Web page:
Crime - Sacto 911

Man convicted for failing to surrender in tribal mail case

A man convicted in 2011 of diverting mail addressed to the Shingle Springs Band of Miwok Indians was found guilty Tuesday of failing to surrender to serve his sentence in the case.

The guilty verdict followed a two-day jury trial in federal court in Sacramento, according to a U.S. Attorney’s Office news release.

Cesar Caballero, 46, of Diamond Springs has engaged in a long-running dispute over the tribe’s use of the name, claiming a tribe with which he is affiliated is the real Shingle Springs Band of Miwoks. In August 2010, he submitted three change-of-address orders at the Shingle Springs post office, routing mail addressed to the Shingle Springs Rancheria to Caballero’s address.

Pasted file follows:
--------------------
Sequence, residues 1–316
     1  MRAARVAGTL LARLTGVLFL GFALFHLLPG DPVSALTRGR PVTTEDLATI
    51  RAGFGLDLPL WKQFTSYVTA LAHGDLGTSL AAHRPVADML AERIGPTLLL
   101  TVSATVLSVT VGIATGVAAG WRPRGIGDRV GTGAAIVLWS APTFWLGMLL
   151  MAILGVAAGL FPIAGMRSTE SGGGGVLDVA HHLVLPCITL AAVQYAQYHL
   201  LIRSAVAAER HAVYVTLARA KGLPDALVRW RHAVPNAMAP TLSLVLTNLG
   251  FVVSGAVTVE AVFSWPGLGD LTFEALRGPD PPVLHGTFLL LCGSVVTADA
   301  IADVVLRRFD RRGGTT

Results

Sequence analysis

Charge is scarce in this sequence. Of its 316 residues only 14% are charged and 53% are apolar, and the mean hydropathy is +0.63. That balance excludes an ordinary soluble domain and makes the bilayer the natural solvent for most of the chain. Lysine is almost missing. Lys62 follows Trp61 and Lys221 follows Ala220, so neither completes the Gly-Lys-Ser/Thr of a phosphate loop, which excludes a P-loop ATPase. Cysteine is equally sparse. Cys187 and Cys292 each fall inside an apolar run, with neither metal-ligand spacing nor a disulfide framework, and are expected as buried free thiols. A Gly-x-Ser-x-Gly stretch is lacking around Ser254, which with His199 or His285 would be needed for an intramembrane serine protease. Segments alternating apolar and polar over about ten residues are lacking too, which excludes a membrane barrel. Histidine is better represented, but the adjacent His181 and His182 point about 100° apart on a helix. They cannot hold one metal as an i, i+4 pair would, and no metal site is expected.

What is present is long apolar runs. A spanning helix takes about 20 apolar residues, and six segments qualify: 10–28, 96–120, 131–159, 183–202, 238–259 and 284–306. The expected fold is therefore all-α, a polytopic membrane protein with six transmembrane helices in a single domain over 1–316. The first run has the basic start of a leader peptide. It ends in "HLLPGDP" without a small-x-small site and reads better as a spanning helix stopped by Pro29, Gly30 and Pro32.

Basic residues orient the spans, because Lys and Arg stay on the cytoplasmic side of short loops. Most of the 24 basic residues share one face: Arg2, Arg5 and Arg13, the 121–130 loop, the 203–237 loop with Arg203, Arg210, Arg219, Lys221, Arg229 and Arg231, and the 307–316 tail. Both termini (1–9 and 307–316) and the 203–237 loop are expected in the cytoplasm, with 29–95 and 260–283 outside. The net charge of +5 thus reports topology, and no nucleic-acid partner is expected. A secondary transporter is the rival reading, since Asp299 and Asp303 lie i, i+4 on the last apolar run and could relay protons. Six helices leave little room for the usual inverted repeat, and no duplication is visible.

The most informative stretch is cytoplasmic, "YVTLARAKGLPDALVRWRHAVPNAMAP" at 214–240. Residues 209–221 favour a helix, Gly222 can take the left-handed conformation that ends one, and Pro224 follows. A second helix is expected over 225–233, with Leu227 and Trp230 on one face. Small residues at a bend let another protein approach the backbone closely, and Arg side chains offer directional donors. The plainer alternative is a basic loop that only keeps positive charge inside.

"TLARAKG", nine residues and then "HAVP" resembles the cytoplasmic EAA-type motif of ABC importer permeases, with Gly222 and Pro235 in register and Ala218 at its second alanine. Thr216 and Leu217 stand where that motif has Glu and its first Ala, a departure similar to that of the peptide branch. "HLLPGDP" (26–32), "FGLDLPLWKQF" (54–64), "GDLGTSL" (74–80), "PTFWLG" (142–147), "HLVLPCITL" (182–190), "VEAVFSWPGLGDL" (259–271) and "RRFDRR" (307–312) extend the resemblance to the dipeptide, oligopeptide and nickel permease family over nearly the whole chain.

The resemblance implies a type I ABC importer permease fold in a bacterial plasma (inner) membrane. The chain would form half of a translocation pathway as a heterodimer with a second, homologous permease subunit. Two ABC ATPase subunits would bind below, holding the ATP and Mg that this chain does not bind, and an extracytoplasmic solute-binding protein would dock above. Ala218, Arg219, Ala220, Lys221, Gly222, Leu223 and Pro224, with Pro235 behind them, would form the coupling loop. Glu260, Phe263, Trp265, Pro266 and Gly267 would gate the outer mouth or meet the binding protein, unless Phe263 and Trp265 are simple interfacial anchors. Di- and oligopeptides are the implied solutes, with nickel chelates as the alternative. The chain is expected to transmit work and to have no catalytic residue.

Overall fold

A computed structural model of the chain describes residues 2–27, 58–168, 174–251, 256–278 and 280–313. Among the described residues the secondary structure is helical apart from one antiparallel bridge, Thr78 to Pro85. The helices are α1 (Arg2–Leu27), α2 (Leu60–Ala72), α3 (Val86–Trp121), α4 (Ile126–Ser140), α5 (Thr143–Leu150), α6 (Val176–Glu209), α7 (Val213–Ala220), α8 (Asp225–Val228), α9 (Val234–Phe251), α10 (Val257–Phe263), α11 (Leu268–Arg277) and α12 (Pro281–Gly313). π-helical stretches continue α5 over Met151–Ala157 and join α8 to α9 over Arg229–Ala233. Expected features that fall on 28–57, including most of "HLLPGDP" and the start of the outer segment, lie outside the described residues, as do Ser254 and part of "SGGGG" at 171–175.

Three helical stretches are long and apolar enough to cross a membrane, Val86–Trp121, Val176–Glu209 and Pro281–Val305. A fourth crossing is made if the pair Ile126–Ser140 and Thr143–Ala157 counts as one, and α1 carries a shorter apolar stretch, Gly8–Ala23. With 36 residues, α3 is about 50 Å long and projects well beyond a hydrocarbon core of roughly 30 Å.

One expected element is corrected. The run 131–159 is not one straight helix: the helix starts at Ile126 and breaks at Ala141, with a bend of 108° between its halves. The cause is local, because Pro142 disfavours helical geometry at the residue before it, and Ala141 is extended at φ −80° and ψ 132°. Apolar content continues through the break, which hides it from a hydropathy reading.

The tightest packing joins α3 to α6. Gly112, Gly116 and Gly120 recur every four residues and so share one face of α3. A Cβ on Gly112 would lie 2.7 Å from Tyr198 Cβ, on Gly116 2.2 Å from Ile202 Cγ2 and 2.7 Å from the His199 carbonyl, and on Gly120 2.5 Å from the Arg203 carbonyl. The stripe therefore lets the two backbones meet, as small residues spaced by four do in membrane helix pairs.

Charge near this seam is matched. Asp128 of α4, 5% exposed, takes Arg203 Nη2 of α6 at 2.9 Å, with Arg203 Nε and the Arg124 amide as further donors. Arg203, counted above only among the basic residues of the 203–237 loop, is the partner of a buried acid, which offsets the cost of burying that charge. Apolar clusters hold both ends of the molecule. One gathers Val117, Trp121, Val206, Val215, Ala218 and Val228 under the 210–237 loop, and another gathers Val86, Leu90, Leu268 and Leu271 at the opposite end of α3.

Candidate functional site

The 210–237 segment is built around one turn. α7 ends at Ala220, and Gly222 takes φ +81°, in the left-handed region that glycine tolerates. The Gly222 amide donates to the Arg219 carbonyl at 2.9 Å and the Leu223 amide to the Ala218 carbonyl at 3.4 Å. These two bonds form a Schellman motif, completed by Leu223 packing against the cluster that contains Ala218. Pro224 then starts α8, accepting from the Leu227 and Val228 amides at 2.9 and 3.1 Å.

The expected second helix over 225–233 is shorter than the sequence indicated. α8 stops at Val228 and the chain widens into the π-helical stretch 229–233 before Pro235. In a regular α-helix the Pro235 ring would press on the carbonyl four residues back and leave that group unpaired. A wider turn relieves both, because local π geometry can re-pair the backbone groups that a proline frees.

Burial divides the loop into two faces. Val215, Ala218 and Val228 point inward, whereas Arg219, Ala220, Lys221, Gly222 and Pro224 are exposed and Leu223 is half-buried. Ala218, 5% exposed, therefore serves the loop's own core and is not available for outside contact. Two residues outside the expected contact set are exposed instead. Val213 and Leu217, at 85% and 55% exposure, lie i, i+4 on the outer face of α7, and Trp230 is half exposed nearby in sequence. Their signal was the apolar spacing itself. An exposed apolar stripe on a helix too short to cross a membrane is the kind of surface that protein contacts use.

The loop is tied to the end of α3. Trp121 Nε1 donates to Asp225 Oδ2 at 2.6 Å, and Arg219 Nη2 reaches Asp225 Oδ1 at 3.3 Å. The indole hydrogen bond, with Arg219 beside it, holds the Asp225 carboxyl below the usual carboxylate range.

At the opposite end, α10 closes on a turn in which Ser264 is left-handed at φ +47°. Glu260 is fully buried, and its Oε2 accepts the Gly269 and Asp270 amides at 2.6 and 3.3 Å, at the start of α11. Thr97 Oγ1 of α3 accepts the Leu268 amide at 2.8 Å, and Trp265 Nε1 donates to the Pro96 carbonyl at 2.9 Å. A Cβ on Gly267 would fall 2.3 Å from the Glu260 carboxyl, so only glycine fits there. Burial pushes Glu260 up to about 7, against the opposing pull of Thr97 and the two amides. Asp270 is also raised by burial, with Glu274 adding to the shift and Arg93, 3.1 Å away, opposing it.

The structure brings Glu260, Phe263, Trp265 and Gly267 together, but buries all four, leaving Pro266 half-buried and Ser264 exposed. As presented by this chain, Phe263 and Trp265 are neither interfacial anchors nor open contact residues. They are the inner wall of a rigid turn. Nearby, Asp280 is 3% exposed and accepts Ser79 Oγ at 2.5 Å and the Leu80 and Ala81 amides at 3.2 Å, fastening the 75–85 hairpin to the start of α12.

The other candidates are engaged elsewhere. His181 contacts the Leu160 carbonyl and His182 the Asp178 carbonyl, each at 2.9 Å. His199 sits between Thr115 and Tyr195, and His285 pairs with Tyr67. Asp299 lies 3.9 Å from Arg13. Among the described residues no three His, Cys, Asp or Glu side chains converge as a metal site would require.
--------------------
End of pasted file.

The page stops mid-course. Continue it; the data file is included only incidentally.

On Aug. 30, 2011, Caballero was convicted of obstruction of mail for submitting official federal mail forwarding change of address order forms to the U.S. Postal Service for the purpose of diverting mail addressed to the Shingle Spring Band of Miwok Indians to himself.

After he was sentenced, Caballero appealed, and the Ninth Circuit affirmed his conviction on two of the three counts against him. He was resentenced on June 29, 2015, to a 60-day term of incarceration. He was ordered to surrender to begin his sentence by Sept. 8, 2015. But authorities say he failed to surrender by Sept. 8 or afterward. He subsequently was arrested by the El Dorado County Sheriff’s Office on Feb. 28.

Caballero is to be sentenced May 17 by U.S. District Judge John A. Mendez.

Cathy Locke: 916-321-5287, @lockecathy